Marcos sought to “eradicate” communism? Maybe, but let us remember that it was under his administration that communism in the Philippines strengthened due to the political turmoil that ensued in his regime. It was such irony that he sought to “eradicate” communism when his regime encouraged the formation of communism.

Also, let me tell you that there was never a golden age that happened during the Marcos’ regime. It was a myth that transformed into a half-baked truth, supposing that the Philippines grew under his leadership. Reputable and verifiable sources confirm more or less the downfall of the economy of the Philippines during his time. You, apologists, should look for credible and verifiable sources (I will not give any list here, but I recommend you also consult academic journals for this matter.) to know more about our economy during his regime. Stop believing the myth and the conspiracy theory that propagates in the internet (particularly, in social media) — corroborate them with other sources and criticize the reliability of the sources if you will.

I believe that some of you supports Marcos due to the illusion of our country having never seen any progress 30 years after he was deposed. But believe me, our country is heading towards progress, albeit in minuscule steps. The illusion of progress under Marcos’ regime is a propaganda that continues to be spread — much to the glorification of a dictator, murderer, and a plunderer.

I believe that some of you interprets the 1986 People Power Revolution as a battle between two families: the Aquinos and the Marcoses. Believe me, you have lost the true meaning of that fateful event in our history. The 1986 People Power Revolution was not a “yellow” propaganda nor the struggle of the Aquinos against the Marcoses. It was the story of how we, the Filipino people, rose in revolt of an oppressive regime as we upheld the tenets of democracy and freedom.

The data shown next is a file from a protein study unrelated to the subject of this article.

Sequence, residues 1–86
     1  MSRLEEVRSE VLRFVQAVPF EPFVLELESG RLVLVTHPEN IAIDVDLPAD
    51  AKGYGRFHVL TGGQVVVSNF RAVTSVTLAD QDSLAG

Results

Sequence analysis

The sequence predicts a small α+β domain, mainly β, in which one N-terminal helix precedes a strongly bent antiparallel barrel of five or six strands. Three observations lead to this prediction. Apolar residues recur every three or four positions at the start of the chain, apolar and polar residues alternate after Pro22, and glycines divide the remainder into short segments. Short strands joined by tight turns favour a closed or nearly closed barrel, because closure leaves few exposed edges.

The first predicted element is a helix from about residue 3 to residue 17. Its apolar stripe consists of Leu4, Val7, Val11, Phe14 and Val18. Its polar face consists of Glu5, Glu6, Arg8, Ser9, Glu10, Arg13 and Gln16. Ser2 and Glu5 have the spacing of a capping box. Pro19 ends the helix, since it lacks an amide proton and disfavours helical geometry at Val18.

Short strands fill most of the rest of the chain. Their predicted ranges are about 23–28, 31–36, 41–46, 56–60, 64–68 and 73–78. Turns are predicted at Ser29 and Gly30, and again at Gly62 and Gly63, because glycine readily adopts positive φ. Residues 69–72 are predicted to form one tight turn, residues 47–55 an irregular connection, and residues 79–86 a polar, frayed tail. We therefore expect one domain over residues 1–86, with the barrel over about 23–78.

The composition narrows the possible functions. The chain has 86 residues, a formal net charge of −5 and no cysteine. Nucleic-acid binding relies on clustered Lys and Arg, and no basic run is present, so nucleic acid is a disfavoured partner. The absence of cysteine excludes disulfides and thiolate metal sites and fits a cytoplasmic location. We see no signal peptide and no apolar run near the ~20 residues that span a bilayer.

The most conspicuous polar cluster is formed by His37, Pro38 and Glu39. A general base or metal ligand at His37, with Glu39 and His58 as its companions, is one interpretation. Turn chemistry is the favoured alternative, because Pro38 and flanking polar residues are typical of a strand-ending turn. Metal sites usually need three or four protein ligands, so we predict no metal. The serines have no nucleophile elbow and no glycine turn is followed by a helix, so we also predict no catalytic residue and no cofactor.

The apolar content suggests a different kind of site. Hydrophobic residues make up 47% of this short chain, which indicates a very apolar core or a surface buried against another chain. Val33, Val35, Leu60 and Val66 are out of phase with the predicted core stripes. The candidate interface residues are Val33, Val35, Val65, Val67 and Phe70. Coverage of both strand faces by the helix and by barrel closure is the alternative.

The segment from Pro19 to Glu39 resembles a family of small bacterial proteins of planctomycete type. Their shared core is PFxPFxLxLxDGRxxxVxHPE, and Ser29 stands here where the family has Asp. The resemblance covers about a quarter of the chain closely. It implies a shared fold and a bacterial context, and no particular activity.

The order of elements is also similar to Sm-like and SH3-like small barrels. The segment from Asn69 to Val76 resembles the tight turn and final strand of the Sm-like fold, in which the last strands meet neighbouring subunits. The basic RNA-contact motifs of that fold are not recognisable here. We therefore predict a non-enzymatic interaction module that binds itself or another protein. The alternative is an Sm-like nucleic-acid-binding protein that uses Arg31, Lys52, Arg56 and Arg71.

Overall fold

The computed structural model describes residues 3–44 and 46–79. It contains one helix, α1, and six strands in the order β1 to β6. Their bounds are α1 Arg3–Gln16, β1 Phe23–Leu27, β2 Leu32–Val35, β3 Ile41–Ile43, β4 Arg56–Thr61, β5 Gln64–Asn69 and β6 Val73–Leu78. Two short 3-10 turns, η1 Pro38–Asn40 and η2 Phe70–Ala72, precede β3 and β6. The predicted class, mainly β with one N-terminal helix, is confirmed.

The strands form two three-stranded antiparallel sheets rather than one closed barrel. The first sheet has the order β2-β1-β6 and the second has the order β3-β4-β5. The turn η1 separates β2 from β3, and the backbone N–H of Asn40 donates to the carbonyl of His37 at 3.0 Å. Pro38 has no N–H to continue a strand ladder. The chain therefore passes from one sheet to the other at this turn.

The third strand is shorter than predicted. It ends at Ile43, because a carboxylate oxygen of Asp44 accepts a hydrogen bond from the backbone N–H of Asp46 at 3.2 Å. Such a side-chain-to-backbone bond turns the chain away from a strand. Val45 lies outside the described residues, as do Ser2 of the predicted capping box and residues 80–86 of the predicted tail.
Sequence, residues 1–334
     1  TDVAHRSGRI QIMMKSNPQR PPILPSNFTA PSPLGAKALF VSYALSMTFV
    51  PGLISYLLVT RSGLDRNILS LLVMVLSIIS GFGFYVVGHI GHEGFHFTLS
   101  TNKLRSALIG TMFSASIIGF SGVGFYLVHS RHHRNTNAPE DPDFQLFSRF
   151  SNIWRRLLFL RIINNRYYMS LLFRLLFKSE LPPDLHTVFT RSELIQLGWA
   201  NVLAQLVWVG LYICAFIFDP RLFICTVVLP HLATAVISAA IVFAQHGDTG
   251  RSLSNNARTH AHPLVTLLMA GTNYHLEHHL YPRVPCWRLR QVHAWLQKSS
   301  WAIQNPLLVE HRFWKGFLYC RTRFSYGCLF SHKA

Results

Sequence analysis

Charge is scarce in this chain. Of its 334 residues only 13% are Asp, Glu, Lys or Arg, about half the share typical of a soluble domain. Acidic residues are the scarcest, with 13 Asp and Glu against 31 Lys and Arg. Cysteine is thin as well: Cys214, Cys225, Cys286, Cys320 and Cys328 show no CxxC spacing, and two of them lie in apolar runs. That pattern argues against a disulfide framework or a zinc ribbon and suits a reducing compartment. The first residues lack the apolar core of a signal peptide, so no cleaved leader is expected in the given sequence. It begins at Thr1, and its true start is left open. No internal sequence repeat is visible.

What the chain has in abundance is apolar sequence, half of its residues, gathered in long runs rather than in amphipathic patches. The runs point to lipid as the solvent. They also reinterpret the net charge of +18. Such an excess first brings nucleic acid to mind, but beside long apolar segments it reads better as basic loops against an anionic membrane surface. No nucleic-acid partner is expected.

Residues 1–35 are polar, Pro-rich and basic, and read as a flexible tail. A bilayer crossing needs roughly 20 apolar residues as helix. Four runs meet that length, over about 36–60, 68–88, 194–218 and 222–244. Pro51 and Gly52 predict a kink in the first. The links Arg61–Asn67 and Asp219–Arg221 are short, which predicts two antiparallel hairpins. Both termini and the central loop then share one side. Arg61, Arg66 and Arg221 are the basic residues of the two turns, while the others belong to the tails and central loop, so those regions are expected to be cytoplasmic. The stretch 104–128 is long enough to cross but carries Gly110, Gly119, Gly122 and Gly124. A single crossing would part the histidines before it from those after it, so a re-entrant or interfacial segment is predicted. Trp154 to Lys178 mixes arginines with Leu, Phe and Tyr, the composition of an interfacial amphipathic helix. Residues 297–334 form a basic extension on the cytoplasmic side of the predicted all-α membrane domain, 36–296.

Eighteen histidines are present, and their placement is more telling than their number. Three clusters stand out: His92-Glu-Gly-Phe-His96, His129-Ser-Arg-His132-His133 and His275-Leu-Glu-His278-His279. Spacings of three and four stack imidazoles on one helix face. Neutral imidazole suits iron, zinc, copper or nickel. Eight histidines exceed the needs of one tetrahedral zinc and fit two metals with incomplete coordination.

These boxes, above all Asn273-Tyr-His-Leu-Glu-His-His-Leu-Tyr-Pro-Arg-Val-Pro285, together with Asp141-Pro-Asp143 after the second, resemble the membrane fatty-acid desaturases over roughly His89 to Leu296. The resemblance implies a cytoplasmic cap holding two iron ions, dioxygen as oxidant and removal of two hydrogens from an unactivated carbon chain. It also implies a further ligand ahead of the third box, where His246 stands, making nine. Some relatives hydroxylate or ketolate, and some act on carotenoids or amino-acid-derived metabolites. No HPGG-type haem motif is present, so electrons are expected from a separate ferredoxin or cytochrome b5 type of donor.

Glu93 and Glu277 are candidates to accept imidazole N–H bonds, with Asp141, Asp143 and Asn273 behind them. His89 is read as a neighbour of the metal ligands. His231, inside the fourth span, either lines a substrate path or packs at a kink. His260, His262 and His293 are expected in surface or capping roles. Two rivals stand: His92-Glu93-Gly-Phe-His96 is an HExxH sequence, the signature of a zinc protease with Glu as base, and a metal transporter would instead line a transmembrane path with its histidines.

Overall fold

You say that we can’t easily forgive and forget, which you say that we must do for our country’s progress. Bongbong Marcos, you say, is right: that it is time to move on, and we must forgive and forget. But why will we forgive and forget? The Marcoses, as far as I know, had not apologized sincerely to the Filipino people for the atrocities that their Apo Lakay committed. So why will we forgive if they haven’t apologized? Clearly, they only want us to be ignorant of the sins and to be mindful of the “gifts” brought by their father. And why will we forget the atrocities their father committed? History has judged Ferdinand Marcos as a dictator, murderer and plunderer. Forgetting the facts of history is committing an intentional amnesia of our identity and our past — so we must not forget. Never again shall we bow down to an authoritarian who robbed us for our dignity and our future.

So no, it is not time that we — as citizens of the Philippines — move on. Rather, we must relinquish the time when our country, the Philippines, was brought into its knees by a dictator who controlled everything according to how he sees fit. Rather, we must remember those who fought in the dead of the night — giving up their very lives for the sake of our motherland. Rather, we must remind every Filipinos that Ferdinand Marcos was not a hero, but a dictator who seized the wealth and the freedom of the Filipino people in order to aggrandize himself and his family.

To end my letter, I want to say that in the end, I will respect you despite how our opinions clash. But I want to remind you that being an apologetic has its limits. Watch out — what you might say as defending and upholding the principle of what you support might be fanaticism in the making. Finally, I want to remind you that your defense of Marcos and his regime is one step closer to a blind faith in half-baked truths propagated by myths and conspiracies that you equate for facts and references.